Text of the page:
Hence, the aim of this review was to revisit studies published over the last 15 years toinvestigate the effects of the use of ω-3 fatty acids on inflammatory markers in leukemiaand lymphomas.



On September 3rd, 2012 a search of the Scopus and PubMed databases was carried out of publications since 1998.

The search terms used were: (Leukemia OR lymphoma OR "hematological neoplasia" OR "hematological cancer") AND ("fish oil" OR DHA OR EPA OR "Omega 3"). Review articles and publications that did not evaluate the effects of ω-3 fatty acids or that were applied in healthy populations or in other disease situations were excluded. Additionally a general overview about the effects of ω-3 fatty acids on inflammation was conducted; the inflammatory process in neoplasias as well as the supplementation of omega-3 fatty acids in these situations.

Omega-3 fatty acids and inflammation

The utilization of membrane phospholipid components to produce mediators occurs during cellular stress, whether physical, biochemical or functional. Inflammation causes constant cellular stress in both immune cells and host tissue cells with reductions in the production of adenosine triphosphate (ATP) and a resulting increase in the calcium channel permeability leading to a great influx of this ion into the cell. The inflow of calcium ions into cells activates the cytosolic enzyme phospholipase A2 or C metabolic pathways, which, in turn, act on the phospholipids of cell membranes, making molecules of these fatty acids available to the cytosol. In inflammatory cells, these free fatty acid molecules in the cytosol can be submitted to the action of the cyclooxygenase(COX) or lipoxygenase enzymes (LOX) which in most cells will lead to the formation of prostaglandins (PGs). Thromboxanes(TXs) and prostacyclins are synthesized when this metabolism occurs inside platelets and endothelial cells, respectively(8).

The eicosanoids [including PGs, TXs and leukotrienes (LTs)] derived from AA (an ω-6 fatty acid family component) are from the even series (e.g. 2 and 4 series) and mostly have a pro-inflammatory effect. The intake of ω-3 polyunsaturated fatty acid (PUFA) increases the incorporation of ω-3 fatty acids in the cell membrane and increases the production of PGs, TXs and LTs derived from the fatty acids (the odd series e.g. 3 and 5 series)(6). In one study, healthy volunteers who took a supplement containing fish oil had increased incorporation of eicosapentaenoic fatty acid (EPA) in the phospholipids of white blood cells after one week and, at the same time, decreased the concentrations of ω-6 fatty acids (e.g. AA)(9).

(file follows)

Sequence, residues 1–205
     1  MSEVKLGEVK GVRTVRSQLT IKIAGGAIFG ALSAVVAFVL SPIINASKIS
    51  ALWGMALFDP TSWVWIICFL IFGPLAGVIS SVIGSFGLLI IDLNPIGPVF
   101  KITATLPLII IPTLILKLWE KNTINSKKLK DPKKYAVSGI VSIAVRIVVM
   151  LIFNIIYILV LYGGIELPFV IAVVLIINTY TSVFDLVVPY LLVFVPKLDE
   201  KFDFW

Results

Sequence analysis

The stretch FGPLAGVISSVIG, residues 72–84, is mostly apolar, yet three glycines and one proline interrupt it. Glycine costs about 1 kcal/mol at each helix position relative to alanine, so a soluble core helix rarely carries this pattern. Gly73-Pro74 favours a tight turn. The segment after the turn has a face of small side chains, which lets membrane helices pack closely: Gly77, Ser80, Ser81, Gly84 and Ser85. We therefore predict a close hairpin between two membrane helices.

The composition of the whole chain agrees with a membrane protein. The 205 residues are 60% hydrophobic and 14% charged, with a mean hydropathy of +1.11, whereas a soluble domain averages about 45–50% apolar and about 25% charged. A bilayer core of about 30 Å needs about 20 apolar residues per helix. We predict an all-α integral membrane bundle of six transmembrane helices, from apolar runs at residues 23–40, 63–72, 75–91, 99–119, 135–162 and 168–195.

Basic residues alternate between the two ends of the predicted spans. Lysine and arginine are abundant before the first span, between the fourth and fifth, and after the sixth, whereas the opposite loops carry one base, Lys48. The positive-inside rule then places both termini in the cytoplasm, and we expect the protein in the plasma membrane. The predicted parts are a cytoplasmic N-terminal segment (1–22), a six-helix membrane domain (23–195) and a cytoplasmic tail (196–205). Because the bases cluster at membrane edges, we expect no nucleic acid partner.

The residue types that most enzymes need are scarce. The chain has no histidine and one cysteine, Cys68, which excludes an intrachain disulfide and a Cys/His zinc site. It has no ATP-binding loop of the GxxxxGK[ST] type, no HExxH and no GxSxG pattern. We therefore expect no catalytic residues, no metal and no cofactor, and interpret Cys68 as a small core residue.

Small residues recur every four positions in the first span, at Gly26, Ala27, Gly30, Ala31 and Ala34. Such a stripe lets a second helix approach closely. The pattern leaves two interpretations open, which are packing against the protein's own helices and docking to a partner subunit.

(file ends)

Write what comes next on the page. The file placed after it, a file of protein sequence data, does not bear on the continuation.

The LTs have important biological functions including a monocyte chemoattractant action, polymorphonuclear leukocyte aggregation and degranulation, leukocyte stimulation and adhesion to the endothelial wall during the formation of inflammatory infiltrations. They are synthesized mainly by leukocytes and all cells have COX, but only inflammatory cells have LOX(8).

AA, used as the main substrate to the synthesis of eicosanoids, is one of the most abundant fatty acids in inflammatory cells. The ω-3 fatty acids, EPA and docosahexaenoic (DHA), when incorporated into the plasma membrane, reduce the metabolism of AA and thus reduce the eicosanoids derived from it, because they have higher affinity as substrates for COX-2 and LOX-5. Thus, an alternative family of eicosanoids starts to be formed which are often less inflammatory than those produced from AA. D and E series resolvins are also produced from ω-3 fatty acids; these are lipid mediators that have a powerful anti-inflammatory action (Figure 1). These fatty acids can influence the production of peptide mediators (cytokines) and the expression of transcription factors (such as nuclear factor kappa B - NF-kB) which can determine the production pattern of cytokines and eicosanoids(6,7). Faber et al.(9) reported that healthy individuals who take oral supplements containing 2.4 g EPA and 1.2 g of DHA for one week, have an increased ex vivo production of IL-1β, tumor necrosis factor alpha (TNF-α), IL-6, IL-8 and interferon-gamma (IFN-γ).